Thoughts on Bankruptcy and Morality

Submitted by Jen Jones on Sun, 01/31/2010 - 8:04pm

Thoughts on Bankruptcy and Morality

I've never known a person who believed that declaring bankruptcy was an easy solution to their problems. I have never heard anyone suggest that bankruptcy should be used as a tool to intentionally shaft creditors out of spite, or to gain power. Nor have I come across anyone who garnered some sort of perverse pleasure in leaving legitimate creditors, be they large companies or individuals, to twist in the wind.

What I have seen is honest, hardworking people from all walks of life: young, middle aged, or nearing retirement age, who stay trapped and buried under a mountain of debt out of a sense of honor and duty to repay it, even with very little prospect for doing so. These people cannot progress in their lives. Their families are strained, their health is often compromised. They have no choices in their lives because of the debt and they are, in effect, slaves to it. Many may slave for years.

These are people who believe declaring bankruptcy is morally wrong. Who do everything in their power to pay their bills and take care of their families.

Until one day, something happens to make it impossible for them to continue to serve the debt. Sometimes a new crisis occurs, such as the loss of a job, a health problem, an elderly parent needing help, a natural disaster, or other calamity. In some cases, that event is the creditor's demanding higher interest rates, fees, or minimum payment amounts, despite a person's diligence and timeliness in making their monthly payment, which pushes the debtor to the breaking point.

Any number of things could become the "straw that breaks the camel's back" which eventually lands the debtor in a bankruptcy attorney's office feeling defeated and humiliated.

How did bankruptcy become an issue of morality? Well, most US citizens are Christian or have hailed from a Christian, or other strong religious tradition, which teaches a high regard honesty and integrity in one's dealings with others. The Psalm 37:21 seems to make a pretty blunt case against the morality of the bankruptcy option: "The wicked borroweth, and payeth not again" (Psalm 37:21). Pretty strong deterrent for the faithful, wouldn't you say?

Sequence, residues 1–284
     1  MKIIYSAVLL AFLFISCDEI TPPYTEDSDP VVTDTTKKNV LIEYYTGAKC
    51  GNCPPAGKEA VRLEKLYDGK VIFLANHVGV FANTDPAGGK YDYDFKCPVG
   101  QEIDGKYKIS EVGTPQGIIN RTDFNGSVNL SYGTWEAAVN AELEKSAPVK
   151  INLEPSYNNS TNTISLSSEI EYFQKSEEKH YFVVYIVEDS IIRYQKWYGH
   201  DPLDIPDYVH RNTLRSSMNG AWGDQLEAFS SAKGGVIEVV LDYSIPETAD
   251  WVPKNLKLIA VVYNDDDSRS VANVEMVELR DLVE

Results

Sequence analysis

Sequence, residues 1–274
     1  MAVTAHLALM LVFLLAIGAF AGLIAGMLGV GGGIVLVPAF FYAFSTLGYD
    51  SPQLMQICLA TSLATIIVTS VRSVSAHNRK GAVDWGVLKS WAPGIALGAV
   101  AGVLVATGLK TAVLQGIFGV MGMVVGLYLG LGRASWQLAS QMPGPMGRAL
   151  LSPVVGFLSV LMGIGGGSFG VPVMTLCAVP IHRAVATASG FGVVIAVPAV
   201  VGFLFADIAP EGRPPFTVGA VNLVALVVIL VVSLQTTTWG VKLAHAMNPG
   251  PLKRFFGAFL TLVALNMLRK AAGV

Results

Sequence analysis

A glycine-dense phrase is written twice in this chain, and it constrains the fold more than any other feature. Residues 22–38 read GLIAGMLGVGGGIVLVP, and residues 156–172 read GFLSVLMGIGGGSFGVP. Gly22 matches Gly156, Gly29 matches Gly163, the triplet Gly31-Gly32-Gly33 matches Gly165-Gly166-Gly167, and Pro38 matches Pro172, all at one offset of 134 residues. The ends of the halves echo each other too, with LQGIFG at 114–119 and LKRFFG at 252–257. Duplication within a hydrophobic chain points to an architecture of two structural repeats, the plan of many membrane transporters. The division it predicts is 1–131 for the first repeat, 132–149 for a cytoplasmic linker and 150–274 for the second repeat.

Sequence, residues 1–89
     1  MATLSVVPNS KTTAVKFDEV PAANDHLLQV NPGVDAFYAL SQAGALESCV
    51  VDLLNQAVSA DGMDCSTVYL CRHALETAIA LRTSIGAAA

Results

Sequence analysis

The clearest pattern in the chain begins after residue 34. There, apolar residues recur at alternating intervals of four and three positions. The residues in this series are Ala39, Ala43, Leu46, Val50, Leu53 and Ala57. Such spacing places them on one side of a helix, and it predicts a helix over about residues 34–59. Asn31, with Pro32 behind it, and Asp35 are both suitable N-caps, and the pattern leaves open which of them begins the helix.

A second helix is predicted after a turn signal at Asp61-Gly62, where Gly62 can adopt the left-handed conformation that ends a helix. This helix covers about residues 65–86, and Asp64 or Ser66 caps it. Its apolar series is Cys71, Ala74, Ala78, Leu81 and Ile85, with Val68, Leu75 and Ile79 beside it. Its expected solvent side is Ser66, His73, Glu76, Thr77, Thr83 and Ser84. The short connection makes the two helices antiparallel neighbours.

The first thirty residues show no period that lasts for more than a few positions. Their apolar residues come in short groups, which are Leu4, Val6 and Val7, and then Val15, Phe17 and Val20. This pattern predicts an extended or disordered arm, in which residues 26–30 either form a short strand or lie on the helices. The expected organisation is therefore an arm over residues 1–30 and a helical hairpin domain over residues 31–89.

But what of the idea of being enslaved by debt? Is this any more morally correct? Especially when creditors have had free reign to pile on additional fees and ever increasing interest rates for so long.

Returning to scriptural reference, the writers of the Old Testament recognized and warned against the imbalance of power between a creditor who has it, and debtor, who doesn't. Deuteronomy 15:1-11 enacted what is essentially the first bankruptcy law. It states that at the end of every seven years, debtors must cancel debts. In 1800, Congress used this as the basis for the first bankruptcy statutes when it said that a person can file bankruptcy every seven years.

Modern bankruptcy laws propose to alleviate the imbalance of power between the debtor and creditor by sheltering debtors and their families through a series of protections, including the discharge of debts and the ability to exempt certain property from creditors.

Bankruptcy does not forgive debt. It grants a discharge to the honest but unfortunate debtor. There is a significant moral difference. A discharge simply prevents a creditor from enforcing the debt against the debtor, as in a forceful taking of the debtor's property. There is no proscription against a debtor repaying a debt that has been discharged in bankruptcy if he becomes able to do so later.

It is unfortunate that the issue of debt forgiveness is still morally suspect. This brings about difficult policy as well as personal conflicts that are not easily resolved. Scripture does make it clear that a creditor, who is likely in a more powerful position than his debtor, should do everything possible to keep from embarrassing or crippling his debtor, including forgiving the debt. For those uncomfortable about resolving issues scripturally, the question could be settled another way, by asking: as a society, what benefit do we receive when large segments of the population are enslaved to smaller, but more powerful ones?

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